Nikki Mirghafori, PhD

Residential Retreat Teacher

Nikki Mirghafori, PhD, is a Buddhist teacher and Artificial Intelligence (AI) scientist. She is a lineage holder in the Theravada tradition, empowered by the living Burmese meditation master Venerable Pa Auk Sayadaw, with whom she practiced the jhanas and detailed analytical (Abhidhamma-style) vipassana. She also received empowerment from the Spirit Rock Meditation Center, Insight Meditation Society, Insight Meditation Center, and is a Stanford-trained compassion cultivation instructor.

At Spirit Rock Meditation Center, Nikki serves as a Stewarding Teacher as well as on the Board of Directors. She also teaches at the Insight Meditation Center in Redwood City, CA. Nikki’s teaching style combines clarity and warmth, and she delights in exploring deep Dharma topics with practitioners as well as mindfulness in daily life. Mindfulness of death, in particular, is one of the areas of her interest and expertise.

Additionally, Nikki has been a researcher and inventor in AI, holds multiple patents and author of scientific research articles. She has directed international research programs as the Principal Investigator, mentored postdocs and PhD students, taught graduate courses at UC Berkeley, and been a scientific advisor to Silicon Valley technology startups.

As an Iranian-American, Nikki has taught contemplative practices internationally and aspires to serve as a champion for wisdom and compassion in our world, as well as ethical AI in our zeitgeist.

With this practice of death contemplation, we see aniccā, impermanence, in big and small ways. We see the goodbyes, the losses—divorces, loss of friendship, loss of contact. There’s all kinds of deaths. And we get to see the ultimate impermanence, the arising and passing away of life in all its forms. You’re not a teenager anymore, not a child anymore. It’s all arisen and passed away. Contemplating aniccā, we see anatta, not-self, by noticing how impersonal death is—how ungovernable this body is. You can’t stop it from aging, dying, or decomposing. It’s impersonal. This body is nature. We are nature.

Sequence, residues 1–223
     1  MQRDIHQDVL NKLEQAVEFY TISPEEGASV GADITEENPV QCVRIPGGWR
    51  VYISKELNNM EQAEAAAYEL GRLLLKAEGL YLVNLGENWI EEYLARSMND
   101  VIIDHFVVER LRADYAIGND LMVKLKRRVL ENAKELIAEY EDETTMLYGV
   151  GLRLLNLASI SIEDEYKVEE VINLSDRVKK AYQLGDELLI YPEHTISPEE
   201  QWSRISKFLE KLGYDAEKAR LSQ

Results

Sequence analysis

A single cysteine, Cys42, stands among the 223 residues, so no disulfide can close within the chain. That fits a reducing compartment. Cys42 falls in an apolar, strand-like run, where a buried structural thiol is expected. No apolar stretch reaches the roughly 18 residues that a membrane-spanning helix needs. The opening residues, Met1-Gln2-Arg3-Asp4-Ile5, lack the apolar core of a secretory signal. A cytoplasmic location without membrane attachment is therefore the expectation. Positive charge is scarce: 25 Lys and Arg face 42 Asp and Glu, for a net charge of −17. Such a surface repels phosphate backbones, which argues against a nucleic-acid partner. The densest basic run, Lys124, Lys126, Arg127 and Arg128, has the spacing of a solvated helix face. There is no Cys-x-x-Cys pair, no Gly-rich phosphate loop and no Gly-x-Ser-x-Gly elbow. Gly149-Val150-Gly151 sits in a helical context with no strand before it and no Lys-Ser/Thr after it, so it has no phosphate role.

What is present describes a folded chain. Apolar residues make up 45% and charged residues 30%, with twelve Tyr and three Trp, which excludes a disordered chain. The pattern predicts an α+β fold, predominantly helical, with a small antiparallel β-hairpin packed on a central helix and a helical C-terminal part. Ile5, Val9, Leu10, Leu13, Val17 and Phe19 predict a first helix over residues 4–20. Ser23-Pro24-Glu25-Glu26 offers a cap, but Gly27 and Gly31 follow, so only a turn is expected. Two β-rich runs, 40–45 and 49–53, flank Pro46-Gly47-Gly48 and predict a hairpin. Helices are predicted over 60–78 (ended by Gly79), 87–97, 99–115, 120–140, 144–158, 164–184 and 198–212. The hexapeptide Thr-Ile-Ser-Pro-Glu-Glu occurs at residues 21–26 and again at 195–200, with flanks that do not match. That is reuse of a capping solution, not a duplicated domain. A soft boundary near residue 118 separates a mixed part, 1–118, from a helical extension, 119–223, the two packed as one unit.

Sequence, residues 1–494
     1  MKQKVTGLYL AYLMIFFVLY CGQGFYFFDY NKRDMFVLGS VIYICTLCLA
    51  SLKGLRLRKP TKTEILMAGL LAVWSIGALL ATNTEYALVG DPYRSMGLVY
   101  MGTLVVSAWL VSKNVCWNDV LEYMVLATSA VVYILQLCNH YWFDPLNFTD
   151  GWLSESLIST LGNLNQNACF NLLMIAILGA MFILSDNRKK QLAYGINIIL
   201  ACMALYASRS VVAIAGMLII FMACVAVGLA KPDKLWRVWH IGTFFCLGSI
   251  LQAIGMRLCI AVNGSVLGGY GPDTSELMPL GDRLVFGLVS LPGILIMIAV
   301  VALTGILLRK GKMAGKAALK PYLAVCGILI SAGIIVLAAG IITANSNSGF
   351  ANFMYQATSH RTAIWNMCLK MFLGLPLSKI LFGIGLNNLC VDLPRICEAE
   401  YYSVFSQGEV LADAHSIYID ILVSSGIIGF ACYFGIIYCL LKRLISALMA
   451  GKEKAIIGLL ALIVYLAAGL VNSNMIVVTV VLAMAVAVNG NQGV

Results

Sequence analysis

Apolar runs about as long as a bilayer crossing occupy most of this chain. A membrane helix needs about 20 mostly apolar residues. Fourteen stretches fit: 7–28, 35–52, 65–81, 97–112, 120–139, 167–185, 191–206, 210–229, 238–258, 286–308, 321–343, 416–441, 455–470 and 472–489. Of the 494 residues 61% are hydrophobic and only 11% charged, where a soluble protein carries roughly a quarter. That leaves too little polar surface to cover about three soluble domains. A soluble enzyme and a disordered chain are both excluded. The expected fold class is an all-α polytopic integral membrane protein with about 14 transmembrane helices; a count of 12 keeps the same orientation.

Nikki Mirghafori, Maraṇasati: "If My Life Is for Rent...Nothing I Have Is Truly Mine."

Nikki Mirghafori's Upcoming Programs

Retreat On-Land

September 2 - September 5, 2024 Monday - Thursday | 3 nights

Coming Home to Ourselves

Come home to yourself with the simple and direct practice of being present for your experience. Insight Meditation allows the restless heart to settle through the gentle practice of repeatedly connecting with and returning to the here and now. It is here in the present moment where we discover the peace and well-being we yearn for. This retreat is suitable for beginners as well as experienced practitioners and is silent except for practice instructions, teacher-led Q&A, and practice discussions.

Diana Clark

Diana Clark

Nikki Mirghafori

Nikki Mirghafori

Andrea Castillo

Andrea Castillo

Tanya T Wiser

Tanya T Wiser

Retreat On-Land

October 27 - November 2, 2024 Sunday - Saturday | 6 nights

Befriending Mortality: Living An Awakened Life Through Mindfulness of Death

18 CE Credits. We all “know” we will die, yet we tend to ignore it and put our collective heads in the sand. Rather than running away from our inevitable mortality, we can harness its power to stay aligned with our deepest values and to live and love more fully. Fully embracing life’s impermanence can engender a deep freedom and letting go. Through mindfulness of death (maraṇasati), we become more present for this miraculous, passing show called life with gladness and gratitude.

Nikki Mirghafori

Nikki Mirghafori

John Martin

John Martin

Kodo Conlin

Kodo Conlin

Retreat On-Land

December 8 - December 18, 2024 Sunday - Wednesday | 10 nights

Meeting the Three Characteristics through Cultivating Stability, Well-being, and Confidence

In this retreat, we tend to the three qualities of stability, well-being, and confidence, all of which support insight into the three characteristics of existence. Then we explore and befriend these characteristics—namely, aniccā (impermanence, inconstancy), dukkha (stress, unsatisfactoriness, suffering) and anattā (not-self, impersonality, ungovernability)—in our own lived experience. When we understand and make peace with these characteristics, we have more ease, compassion, and freedom in our lives, and we can be of more benefit to ourselves, others, and the world.

Nikki Mirghafori

Nikki Mirghafori

Sylvia Boorstein

Sylvia Boorstein

Rachel Lewis

Rachel Lewis

Mei Elliott

Mei Elliott

Dharma Library

Can't join us live online or on the land? Study and practice at your convenience with Nikki Mirghafori through our new library of recordings, articles, and self-paced online courses.